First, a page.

In Search of More Play in Kindergarten – and More Solid Research on What’s Happening There
A child-advocacy group called the Alliance for Childhood recently released a white paper with a head-turning title: "Crisis in the Kindergarten: Why Children Need to Play in School." A press release accompanying the report carries the dramatic headline: "Kindergarten Playtime Disappears, Raising Alarm on Children's Learning and Health."
The report is right to raise the profile of playtime. We agree that it is time to talk seriously about how to ensure that early childhood teachers allow children some much-needed time for active, child-centered play. Through workshops and professional development programs, teachers should be trained in methods that give children space and time to launch themselves into pretend-play scenarios around, say, a make-believe hospital or space shuttle. Kindergarteners need time to figure out for themselves why a block tower won't stand up or whether their kite will fly.
But the report goes wrong in its reliance on hyperbole. It has chosen to start the sirens based on observations and interviews in just three cities, conducted by researchers who were paid by the Alliance. Until we have a large, national study using independent observers and employing sound, consistent methodologies for collecting information, using words like "crisis" only blurs the picture, making it hard to make helpful distinctions between classrooms that veer too far to "anything goes" chaos, those that rely too much on didactic "repeat after me" lessons and those where strong, innovative teachers have learned that playtime and learning go hand-in-hand.
The report's original research is based on three research studies. One is a survey of 142 kindergarten teachers in New York City who were asked to provide details about how classroom time was spent. Another is a similar survey of 112 kindergarten teachers in Los Angeles. And a third is from an observational study of 14 kindergarten classrooms in Westchester County, New York.
The New York City and Los Angeles surveys showed that teachers were spending two to three hours in "literacy, math and test prep" with 30 minutes or less for play or "choice time." The Westchester County research shows that children are so hardwired for play that they will try to find ways to do so, even when their routine doesn't allow for it. Taken together and without much context for why and how these classrooms are set up this way, it is hard to draw stark conclusions about exactly what this means for kindergarten more generally.
One section that is particularly useful, however, describes a "kindergarten continuum" of four types of classrooms: Laissez-faire, loosely structured classrooms; classrooms rich in child-initiated and child-directed play; playful classrooms with focused learning; and didactic, highly structured classrooms. The authors call on educators and policy makers to "develop as fully as possible" the middle two options. We see a lot of wisdom in that approach.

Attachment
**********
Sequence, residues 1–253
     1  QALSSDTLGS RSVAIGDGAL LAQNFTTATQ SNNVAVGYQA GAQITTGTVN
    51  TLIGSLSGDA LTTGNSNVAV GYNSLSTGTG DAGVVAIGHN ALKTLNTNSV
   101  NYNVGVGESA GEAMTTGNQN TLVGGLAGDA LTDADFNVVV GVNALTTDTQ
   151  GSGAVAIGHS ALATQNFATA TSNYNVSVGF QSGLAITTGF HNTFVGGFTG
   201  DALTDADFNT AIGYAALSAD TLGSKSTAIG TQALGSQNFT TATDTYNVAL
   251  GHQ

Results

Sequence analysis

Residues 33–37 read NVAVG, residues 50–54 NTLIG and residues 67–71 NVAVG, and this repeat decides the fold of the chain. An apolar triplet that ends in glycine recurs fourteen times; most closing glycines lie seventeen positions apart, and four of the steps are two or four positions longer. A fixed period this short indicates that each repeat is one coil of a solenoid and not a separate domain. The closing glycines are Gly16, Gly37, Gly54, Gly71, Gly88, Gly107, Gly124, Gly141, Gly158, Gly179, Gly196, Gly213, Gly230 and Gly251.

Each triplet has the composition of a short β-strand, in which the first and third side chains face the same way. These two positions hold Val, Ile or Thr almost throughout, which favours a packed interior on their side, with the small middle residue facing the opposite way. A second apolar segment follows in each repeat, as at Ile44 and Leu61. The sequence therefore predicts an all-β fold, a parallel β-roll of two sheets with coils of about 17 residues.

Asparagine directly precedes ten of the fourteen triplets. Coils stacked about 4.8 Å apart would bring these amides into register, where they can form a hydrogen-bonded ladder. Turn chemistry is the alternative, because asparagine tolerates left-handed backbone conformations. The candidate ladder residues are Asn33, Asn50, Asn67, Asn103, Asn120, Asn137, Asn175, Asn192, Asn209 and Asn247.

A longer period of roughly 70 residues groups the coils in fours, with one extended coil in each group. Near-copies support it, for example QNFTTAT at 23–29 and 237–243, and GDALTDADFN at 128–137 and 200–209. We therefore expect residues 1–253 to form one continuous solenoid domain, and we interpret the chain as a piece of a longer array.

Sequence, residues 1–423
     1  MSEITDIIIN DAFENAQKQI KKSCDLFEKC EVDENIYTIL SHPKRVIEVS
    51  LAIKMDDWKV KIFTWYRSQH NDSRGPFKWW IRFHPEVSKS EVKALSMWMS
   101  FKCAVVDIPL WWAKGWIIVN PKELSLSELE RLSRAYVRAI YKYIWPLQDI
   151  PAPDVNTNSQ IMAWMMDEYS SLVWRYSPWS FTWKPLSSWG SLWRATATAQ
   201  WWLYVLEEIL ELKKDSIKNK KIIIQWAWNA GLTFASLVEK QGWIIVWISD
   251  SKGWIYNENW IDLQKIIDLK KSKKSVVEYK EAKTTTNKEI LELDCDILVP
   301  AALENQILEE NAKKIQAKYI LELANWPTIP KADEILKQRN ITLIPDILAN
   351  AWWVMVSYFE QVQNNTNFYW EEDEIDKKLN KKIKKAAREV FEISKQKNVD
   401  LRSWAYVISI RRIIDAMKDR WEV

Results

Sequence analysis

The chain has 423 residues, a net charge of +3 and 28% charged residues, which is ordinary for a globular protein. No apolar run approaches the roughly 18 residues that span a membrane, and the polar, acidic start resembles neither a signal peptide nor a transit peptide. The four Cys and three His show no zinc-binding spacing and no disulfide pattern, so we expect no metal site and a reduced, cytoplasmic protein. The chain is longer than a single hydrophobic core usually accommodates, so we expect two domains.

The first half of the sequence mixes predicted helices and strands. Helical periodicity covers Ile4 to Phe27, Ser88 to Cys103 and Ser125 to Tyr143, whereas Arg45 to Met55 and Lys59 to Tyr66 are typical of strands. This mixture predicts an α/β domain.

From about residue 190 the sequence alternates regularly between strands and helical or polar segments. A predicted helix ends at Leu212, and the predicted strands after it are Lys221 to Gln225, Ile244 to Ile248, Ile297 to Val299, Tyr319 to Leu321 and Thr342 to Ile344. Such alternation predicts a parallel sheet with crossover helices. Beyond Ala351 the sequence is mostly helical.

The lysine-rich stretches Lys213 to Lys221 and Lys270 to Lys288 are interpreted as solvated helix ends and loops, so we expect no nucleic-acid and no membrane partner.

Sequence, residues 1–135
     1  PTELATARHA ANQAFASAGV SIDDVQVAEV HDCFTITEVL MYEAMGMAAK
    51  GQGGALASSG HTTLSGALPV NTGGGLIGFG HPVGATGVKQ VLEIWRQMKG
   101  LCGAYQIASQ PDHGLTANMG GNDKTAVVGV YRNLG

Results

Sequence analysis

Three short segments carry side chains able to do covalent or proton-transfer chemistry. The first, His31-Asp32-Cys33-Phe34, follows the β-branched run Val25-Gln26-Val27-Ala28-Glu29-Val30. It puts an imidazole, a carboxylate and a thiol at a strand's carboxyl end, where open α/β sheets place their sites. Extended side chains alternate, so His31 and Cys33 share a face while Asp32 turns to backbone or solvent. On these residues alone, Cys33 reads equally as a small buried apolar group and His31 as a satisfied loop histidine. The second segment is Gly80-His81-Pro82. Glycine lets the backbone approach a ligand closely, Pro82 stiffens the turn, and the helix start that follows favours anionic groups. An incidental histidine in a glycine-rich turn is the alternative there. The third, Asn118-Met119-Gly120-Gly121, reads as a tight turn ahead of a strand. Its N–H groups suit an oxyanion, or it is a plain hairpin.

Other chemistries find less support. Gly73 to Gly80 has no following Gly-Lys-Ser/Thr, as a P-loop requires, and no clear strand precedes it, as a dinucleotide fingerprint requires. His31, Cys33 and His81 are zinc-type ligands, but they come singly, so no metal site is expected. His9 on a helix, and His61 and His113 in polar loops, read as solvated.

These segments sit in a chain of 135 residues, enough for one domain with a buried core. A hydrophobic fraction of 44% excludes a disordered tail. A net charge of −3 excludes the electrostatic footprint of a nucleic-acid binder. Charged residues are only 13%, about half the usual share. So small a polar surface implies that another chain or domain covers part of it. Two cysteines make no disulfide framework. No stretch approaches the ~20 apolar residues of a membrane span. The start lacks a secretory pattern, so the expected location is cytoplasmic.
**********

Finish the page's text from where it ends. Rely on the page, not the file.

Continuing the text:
Other reports on the importance of play, some cited by the Alliance, make the case for why play is so critical. Writing in Scientific American two months ago, Melinda Wenner provides a well-written overview of the research that exists so far on what playtime does for children's language and social skills. Last year , science writer Robin Henig provided us with a similar romp through the research in her New York Times Magazine story, "Taking Play Seriously."
As last week's report itself states, we need more research on exactly how play is embraced, or not, in kindergarten classrooms. There is much more to unpack from the data it has collected (particularly in its discussion of standardized tests), and much more to learn generally about how to balance playtime in kindergarten with circle time, one-on-one conversation, inquiry-based science experiences, guided reading, the use of math "manipulatives" like beads and bears, as well as art and music. With innovative teachers, many of these components can be threaded into playtime or can lead to playful, child-directed activities. That is why high-quality professional development is crucial. New ideas for better integrating playtime into the classroom routine are needed. Early Ed Watch will be tracking the issue of playtime closely over the next several months to provide more insights from leading researchers in this field, helping educators and policymakers ensure that positive playtime is part of the picture.